Those men would fly with the helicopter crews all day going into zones, sometimes against as I witnessed the direct orders of the MAG CO because the areas were unsecured, repeatedly risking their lives to save wounded Marines. The Corpsmen would leave the helicopters and run rapidly to the downed men, or give medical care as the wounded were being loaded by the grunts, and provide instruction and help in carrying them, the wounded, to the planes. When loaded, these medical men, and often aided by crewchiefs and port gunners,  worked methodically and sometimes feverishly stopping bleeding and administering aid to the downed men. It was all quite difficult and completely - totally over my head and training when I was present and from hindsight privileged to watch them work.

I would talk to these men as they would wait for the next call for an emergency med evac to come from the grunts. Each one was a volunteer. None of them ever received a single order to attend these missions. And none of them were accorded flight skins or such orders, which had they been so acknowledged would have resulted in their receiving multiple air medals for heroism. They risked, not just periodically but routinely, their lives and saved Marines without any such fanfare or meeting of self interests.

In my time in that operations group, I only knew of one Corpsman who was not either wounded or killed.

Aside from the helicopter pilots that I watched go into unsecured zones, or talked with on the radio as they performed the emergency med evacuations, and of course noting the incredible grunts on the ground who met our crews there protecting and trying to save their own men, I never saw a braver more completely courageous and selfless class of military service personnel than represented by the Navy Corpsman.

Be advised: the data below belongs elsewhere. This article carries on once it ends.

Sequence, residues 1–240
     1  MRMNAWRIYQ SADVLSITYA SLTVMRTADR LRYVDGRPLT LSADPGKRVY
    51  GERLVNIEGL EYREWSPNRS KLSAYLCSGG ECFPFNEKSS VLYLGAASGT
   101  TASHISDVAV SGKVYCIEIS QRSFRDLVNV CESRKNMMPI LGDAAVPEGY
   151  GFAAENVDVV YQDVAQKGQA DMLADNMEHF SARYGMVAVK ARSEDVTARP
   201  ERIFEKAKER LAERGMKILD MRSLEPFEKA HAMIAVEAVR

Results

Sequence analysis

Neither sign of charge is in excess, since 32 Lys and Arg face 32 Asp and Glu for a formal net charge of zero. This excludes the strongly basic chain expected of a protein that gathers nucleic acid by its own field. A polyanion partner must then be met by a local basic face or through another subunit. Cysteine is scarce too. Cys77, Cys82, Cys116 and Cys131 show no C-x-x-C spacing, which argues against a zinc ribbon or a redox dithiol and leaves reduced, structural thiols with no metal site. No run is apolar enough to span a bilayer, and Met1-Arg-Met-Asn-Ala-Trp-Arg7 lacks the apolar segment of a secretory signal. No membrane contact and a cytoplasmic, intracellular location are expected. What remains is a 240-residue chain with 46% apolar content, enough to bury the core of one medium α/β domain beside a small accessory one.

One of our Westbury alumni was a Corpsman, serving during the Vietnam War out of Da Nang and Hue Phu Bai. He was and is as he lives with us today G. Roger Bythewood, class of 1965.

Thanks for your service Mr. Bythewood, Navy Corpsman — Westbury hero. And, welcome home.

Jesse Skip Collins
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Series Contents

  1. “Part I: Women of Eden, Texas; 1838-1963-2014”
  2. “Part I: Navy Corpsmen: Tribute to a Westbury Hero”
  3. "Part II: (beginning) The Westbury Rebel's Meaning to Me," or "The First Play from Scrimmage in the Westbury vs Bellaire Fifty Year Rivalry"
  4. "Part II: (conclusion) What Happened at the End of the 1962 Westbury vs. Austin Football Game?"
  5. “Part II: Entertainment in the 1960s”
  6. "Part III: The Good Rebel in Most of Us (beginning); For What Do Good Rebels Fight and Die?"
  7. "Part III: The Good Rebel in Most of Us (continued); Competitions, Challenges, and Making Things Right"
  8. "Part III: The Good Rebel in Most of Us (conclusion); Distinguishing Good from Bad Rebels"
  9. "Part IV: Westbury Rebel Management of Really Serious Troublemakers in (and from) the Global"
  10. "Part IV: Master of the Lake; The Great Peking Duck and Yorkshire Terrier Battle; or, A Scientifically acceptable Anecdotal Example for the Study of Visceralness in Fighting"
  11. “Part V: Turn the World Right Side Up: Theory and Application for Depowering Psychopaths, BS Managers gone Berzerk (Bad Rebels), and the National to International Institutions they Manage"